It would be quite the understatement to suggest that the Rafa-Marquez-at-New-York-Red-Bulls experiment didn't work out. News that the Red Bulls had parted ways with the much-maligned defender/midfielder on December 13 was met with much jubilation by New York supporters posting on websites such as Twitter and Facebook, and some went so far as to suggest that Marquez was the worst player in the history of the franchise. While I often state that perception is reality regarding such discussions, I wanted to take an in-depth look at the matter.
There are, of course, some things about Marquez's tenure with the MLS side that I cannot prove as of the creation of this piece. Ideas that Marquez was a bad teammate or that he didn't care about winning in MLS have never been confirmed by teammates or the player himself (teammates such as captain Thierry Henry and Dax McCarty went out of their way to praise and defend Rafa in 2012), although his recent comments about the US domestic league being an "amateur tournament" certainly don't help his cause. Therefore, I decided to use just the stats and try to remain as unbiased as I could.
The Red Bulls officially introduced Marquez as the club's third designated player back on August 2, 2010, and he made his official MLS debut six days later when New York hosted the Chicago Fire. The Red Bulls played a total of 81 regular season games from August 8, 2010 up until the start of the 2012 playoffs. Marquez made 44 regular season appearances during his MLS career, 42 of them starts, meaning that injuries/suspensions sidelined him for about 48 percent of the games New York played following his first match with the club.
New York played a total of seven postseason games over the past three fall seasons. Marquez started in six of those contests, but his most memorable stats from those matches are ones he'd rather forget; two red cards, one he picked up because of an altercation that occurred after the Red Bulls lost at home to the LA Galaxy last year, and one that he earned following a harsh tackle that he committed while already on a yellow in the second half of New York's home match versus rivals DC United last month.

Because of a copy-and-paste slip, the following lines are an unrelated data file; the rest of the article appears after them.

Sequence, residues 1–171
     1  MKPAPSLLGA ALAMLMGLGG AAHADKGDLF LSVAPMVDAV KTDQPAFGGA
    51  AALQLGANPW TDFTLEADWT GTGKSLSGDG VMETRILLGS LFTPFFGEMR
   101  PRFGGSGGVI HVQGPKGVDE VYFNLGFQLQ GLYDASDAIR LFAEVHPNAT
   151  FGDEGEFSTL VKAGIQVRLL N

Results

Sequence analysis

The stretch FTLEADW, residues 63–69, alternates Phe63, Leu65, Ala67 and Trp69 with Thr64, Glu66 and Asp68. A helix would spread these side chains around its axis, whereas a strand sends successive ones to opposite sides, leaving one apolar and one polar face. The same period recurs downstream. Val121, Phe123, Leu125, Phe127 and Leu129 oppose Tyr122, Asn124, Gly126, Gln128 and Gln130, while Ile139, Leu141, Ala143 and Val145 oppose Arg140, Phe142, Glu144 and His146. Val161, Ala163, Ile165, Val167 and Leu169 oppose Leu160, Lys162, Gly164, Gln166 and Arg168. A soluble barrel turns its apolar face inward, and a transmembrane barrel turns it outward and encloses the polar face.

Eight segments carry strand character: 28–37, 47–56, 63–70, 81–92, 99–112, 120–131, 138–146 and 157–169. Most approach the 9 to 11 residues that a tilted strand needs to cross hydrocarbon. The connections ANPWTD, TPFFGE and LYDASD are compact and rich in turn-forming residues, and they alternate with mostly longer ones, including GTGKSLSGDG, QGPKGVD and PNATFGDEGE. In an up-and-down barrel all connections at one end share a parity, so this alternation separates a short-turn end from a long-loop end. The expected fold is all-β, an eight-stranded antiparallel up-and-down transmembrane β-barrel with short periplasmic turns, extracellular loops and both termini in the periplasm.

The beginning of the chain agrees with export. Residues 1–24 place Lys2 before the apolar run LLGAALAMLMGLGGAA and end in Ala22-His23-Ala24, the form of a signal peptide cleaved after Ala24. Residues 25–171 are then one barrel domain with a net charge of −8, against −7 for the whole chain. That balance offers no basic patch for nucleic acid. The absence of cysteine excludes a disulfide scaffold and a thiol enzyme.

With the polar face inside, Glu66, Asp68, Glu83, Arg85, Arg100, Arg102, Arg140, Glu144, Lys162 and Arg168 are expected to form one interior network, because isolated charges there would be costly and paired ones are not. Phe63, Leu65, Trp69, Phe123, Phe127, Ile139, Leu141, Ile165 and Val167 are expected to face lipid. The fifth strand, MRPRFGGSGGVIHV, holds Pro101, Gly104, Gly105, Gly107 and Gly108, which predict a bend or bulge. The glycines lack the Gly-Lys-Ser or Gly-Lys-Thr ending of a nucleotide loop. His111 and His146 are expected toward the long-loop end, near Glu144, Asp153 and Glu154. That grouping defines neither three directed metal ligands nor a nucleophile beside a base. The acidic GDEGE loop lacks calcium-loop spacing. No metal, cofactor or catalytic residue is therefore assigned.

Durability was a significant issue during Marquez's MLS stint, especially in 2012. He's credited with having made 15 league appearances last season, but even that low number is a bit inflated. He managed to play a half or less of in-game soccer on five separate occasions this year; 45 minutes on 3/31 at Montreal Impact, 21 minutes on 7/15 vs. Seattle Sounders, four minutes on 8/10 vs. Houston Dynamo, 35 minutes on 9/22 at New England Revolution and 15 minutes on 10/6 vs. Chicago.
While appearing on the Red Bull Rant podcast to discuss Marquez's departure from the club in mid-December, our four-man panel was asked to judge the former DP based on his play alone and not the money he earned while with the Red Bulls. I found that to be a pointless exercise because the amount of money Marquez made is a big reason for his not being considered merely a flop or just a poor signing. Had Marquez made, for example, somewhere between $1-2 million per season over the past two and a half years, I don't think that he would be the villain that he is in the eyes of many RBNY supporters.